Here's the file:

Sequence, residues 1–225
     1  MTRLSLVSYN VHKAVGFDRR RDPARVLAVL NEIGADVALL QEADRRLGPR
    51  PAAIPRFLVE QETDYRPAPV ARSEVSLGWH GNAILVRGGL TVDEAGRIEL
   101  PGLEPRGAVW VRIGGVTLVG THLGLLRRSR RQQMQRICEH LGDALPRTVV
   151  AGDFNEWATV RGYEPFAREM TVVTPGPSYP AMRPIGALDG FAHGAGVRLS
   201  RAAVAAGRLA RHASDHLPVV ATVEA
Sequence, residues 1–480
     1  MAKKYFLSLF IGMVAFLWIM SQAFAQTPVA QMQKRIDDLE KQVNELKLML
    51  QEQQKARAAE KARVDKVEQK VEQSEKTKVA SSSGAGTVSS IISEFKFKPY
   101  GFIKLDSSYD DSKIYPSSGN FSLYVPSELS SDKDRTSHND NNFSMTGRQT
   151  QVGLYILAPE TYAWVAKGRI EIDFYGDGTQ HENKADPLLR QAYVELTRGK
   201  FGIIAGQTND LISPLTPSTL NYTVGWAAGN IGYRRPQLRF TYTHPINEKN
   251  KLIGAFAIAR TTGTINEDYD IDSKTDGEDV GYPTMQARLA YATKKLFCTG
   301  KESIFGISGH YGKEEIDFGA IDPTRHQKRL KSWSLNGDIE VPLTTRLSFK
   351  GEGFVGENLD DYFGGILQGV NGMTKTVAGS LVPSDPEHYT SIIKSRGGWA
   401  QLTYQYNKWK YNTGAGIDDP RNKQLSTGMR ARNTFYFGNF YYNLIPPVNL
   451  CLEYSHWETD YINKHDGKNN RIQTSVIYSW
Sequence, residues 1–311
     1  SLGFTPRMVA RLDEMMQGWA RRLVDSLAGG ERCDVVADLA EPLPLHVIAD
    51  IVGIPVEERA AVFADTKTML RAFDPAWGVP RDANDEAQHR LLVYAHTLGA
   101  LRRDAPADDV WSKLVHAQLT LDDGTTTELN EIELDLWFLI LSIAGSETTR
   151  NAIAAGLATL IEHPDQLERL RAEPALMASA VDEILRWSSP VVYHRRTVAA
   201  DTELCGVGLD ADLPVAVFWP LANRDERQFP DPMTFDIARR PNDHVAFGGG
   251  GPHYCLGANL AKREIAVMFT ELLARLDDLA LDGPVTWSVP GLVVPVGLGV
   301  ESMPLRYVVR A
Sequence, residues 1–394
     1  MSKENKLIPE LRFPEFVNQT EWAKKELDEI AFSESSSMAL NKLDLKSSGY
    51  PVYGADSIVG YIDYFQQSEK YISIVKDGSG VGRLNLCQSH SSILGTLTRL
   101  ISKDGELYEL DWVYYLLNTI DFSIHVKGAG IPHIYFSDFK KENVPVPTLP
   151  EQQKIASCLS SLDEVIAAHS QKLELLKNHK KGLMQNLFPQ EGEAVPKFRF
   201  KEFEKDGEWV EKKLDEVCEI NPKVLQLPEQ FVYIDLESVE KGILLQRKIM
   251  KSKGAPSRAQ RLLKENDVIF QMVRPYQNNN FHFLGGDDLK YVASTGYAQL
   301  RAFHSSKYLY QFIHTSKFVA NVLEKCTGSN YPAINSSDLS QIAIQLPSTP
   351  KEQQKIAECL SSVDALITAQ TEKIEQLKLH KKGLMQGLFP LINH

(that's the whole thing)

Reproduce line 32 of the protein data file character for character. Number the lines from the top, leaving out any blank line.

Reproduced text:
   251  KSKGAPSRAQ RLLKENDVIF QMVRPYQNNN FHFLGGDDLK YVASTGYAQL